This article is my own intellectual property and is originally published via Steemit.
The level of irony that legacy press figures prove blind to in their own statements can be downright astonishing.
Disobedient Media recently discussed the travesty of an article published by The Guardian, which claimed former Trump campaign manager Paul Manafort had visited WikiLeaks co-founder Julian Assange in the Ecuadorian embassy in London numerous times, including a trip in the spring of 2016. The trouble was, the paper provided no evidence whatsoever to back its claim, and a great bucketload of evidence quickly contradicted the paper's claims.
The backlash was so severe, that Politico allowed an anonymous "ex" CIA officer to pen an article blaming the lies of Luke Harding and Dan Collyns on - you guessed it - the Russians. Matt Taibi of Rolling Stone was quick to pounce on the move, saying: "We've gone from unnamed sources to unnamed authors.":
The Guardian's debacle was not the first time it had been burned by Harding, who in addition to accusations of plagiarism, previously published a smear against Assange, using source Fernando Villavicencio of FocusEcuador - despite the fact that Villavicencio had a history of publishing forged documents in the Guardian.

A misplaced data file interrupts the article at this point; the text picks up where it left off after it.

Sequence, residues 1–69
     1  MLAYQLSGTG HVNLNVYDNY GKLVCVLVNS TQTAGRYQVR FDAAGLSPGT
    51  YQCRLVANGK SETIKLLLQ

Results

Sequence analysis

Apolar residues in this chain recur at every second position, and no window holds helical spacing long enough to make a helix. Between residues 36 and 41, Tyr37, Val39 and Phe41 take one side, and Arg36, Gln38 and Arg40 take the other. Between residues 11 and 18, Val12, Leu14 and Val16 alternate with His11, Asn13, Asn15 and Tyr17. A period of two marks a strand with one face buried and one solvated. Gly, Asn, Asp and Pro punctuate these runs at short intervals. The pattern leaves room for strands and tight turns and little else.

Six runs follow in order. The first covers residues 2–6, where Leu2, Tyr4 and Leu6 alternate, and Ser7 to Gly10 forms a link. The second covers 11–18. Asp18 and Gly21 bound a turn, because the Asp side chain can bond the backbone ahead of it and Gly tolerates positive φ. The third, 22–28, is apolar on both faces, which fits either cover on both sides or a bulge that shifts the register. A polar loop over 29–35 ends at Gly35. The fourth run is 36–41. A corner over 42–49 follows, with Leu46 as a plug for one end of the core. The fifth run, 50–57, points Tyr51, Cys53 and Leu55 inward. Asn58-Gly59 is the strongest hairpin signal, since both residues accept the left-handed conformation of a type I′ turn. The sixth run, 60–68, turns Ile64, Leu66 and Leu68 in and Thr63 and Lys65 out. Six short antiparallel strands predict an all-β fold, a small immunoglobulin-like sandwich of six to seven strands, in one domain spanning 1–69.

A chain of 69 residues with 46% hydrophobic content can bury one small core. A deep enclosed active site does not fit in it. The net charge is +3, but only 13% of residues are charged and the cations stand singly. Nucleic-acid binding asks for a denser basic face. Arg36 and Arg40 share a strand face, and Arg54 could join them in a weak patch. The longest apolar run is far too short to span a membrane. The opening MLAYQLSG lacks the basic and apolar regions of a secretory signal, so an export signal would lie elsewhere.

The litany of other issues with Luke Harding's credibility - as well as that of the Guardian - could provide enough subject material for an entire book. However, it is worth noting that in the wake of The Guardian's attempt to conflate Russiagate with Assange's impending prosecution, a spotlight has also been cast on The Guardian fixture Carole Cadwalladr.
Cadwalladr is a journalist with The Guardian and a staunch Russiagate proponent.
While recently reviewing the social media profiles for both Harding and Cadwalladr, this writer noted one of the most appalling examples of unintentional irony I've come across in my time as an independent journalist. Less than a month before The Guardian would publish Harding's claptrap of a smear on Assange, Cadwalladr posted the following screed via Twitter, where it was also retweeted by Harding:
In the jaw-dropping post, Cadwalladr criticizes the BBC for "giving a platform to a liar," which, as most readers are aware, is precisely what the Guardian went on to provide yet again to serial-liar Luke Harding. It would be hilarious if the stakes involved weren't so deadly serious.
This writer couldn't help but respond to such idiocy:
The straight-faced irony of Cadwalladr's statement is amplified further by the observation of independent journalist Caitlin Johnstone, who pointed out that it had been a full week since the journalist had lied about the location of a photograph of Dana Rohrabacher allegedly meeting with Tommy Robinson, claiming he was pictured on the steps of the Ecuadorian Embassy, before admitting this was false but failing to delete the tweet for seven days.
Cadwalladr pivoted from this blatant inaccuracy, claiming the image was taken "... shortly before/after he met with Assange. On a different set of steps."